Guns and bullets, in a game series and anime mainly featuring mighty swords as weapons? Yes, that’s right, and it works surprisingly well. Sword Art Online: Fatal Bullet is set in the virtual reality MMORPG universe of Gun Gale Online (GGO), where players compete to earn bounties in a post-apocalyptic Earth. As such, the game is a third-person shooter, a change from the MMORPG-esque genre of past adaptations.
Kirito is no longer the star of the show, as now you play as a brand new character of your own design, a newbie to GGO. The game kicks off with you encountering Kureha, an old friend, as you step out into the capital city of the SBS Glocken, and she guides you through a tutorial mission to learn the ropes.
An accident at a teleport gate sends you to an unknown location where, just your luck, you find a rare and valuable item in GGO – a high-tech humanoid called ArFA-sys who becomes your AI companion. With your mission complete, you return to the SBS Glocken to meet the rest of the Sword Art Online crew and some familiar faces from the anime.
Now here comes the most glaring issue with Fatal Bullet: pacing. You’ve completed the tutorial, you’ve gotten a feel for the gunplay and abilities, you want to quickly jump right into more action right?
Wrong, as Fatal Bullet wants you to sit through a painstaking amount of visual novel-esque dialogue, character introductions, and blocks of text with information about the shop, upgrading abilities, the ArFA-sys, and more.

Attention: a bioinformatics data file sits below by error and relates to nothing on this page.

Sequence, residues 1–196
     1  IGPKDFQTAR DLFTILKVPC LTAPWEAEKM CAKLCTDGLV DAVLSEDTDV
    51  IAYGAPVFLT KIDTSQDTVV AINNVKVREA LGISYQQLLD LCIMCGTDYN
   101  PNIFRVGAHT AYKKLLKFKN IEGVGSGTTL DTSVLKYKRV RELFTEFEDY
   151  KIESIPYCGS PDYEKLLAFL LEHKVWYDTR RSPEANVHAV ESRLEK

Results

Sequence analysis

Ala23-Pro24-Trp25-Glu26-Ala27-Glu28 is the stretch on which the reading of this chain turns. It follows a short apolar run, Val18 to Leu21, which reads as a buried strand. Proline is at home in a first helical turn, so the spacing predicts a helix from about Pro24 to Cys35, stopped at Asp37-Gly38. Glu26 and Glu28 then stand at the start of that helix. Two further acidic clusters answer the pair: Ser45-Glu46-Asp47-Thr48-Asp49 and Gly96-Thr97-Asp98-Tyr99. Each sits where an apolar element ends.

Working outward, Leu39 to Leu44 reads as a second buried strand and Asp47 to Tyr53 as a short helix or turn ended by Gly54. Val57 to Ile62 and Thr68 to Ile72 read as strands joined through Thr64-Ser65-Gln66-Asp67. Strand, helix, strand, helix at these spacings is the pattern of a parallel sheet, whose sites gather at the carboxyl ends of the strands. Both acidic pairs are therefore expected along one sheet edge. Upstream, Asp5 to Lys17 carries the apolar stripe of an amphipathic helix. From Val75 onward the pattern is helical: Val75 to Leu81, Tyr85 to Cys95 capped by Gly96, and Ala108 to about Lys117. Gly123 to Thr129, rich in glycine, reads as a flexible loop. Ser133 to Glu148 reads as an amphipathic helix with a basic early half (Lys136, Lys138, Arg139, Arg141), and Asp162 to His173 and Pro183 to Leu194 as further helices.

The choices you make as your responses in conversations don’t seem to have any impact on the outcome. Your character’s personality also feels bland, as everyone is far more interested in your impressive ArFA-sys companion than you.
Skimming through most of the info and pressing skip on dialogue boxes still takes you about an hour after the tutorial before getting to the next dungeon mission. It’s safe to say that reading everything would take players a considerable amount of time, all the while itching in their seats to lay loose and shoot some monsters.
When you do finally get into the action, it’s good stuff. Combat in Fatal Bullet is enjoyable, and the aim assist system is excellent for those less proficient at aiming with a controller. Hip-firing allows you to automatically lock onto targets within the green box, while scoping in removes aim assist and requires some aiming finesse. The aim assist system can also be disabled at any time, giving players the option to hone their skills.
There is a wide range of guns for you to purchase, from pistols to rocket launchers, and your choice of weapon is heavily dependent on your preferred playstyle. Handguns are best for those going for agility and speed, while slower, tanky characters can wield heavier guns like launchers and Gatling guns.
It doesn’t take long to learn the intricacies of a weapon, especially if you choose to use the aim assist system, but once you nail down your playstyle and role it’s unlikely you’ll change the general type of weapon you use.
If you’re not a big fan of guns, rest assured because you can equip laser swords as a melee weapon, and completing chapter 15 of the main story allows you to dual wield a laser sword with a handgun.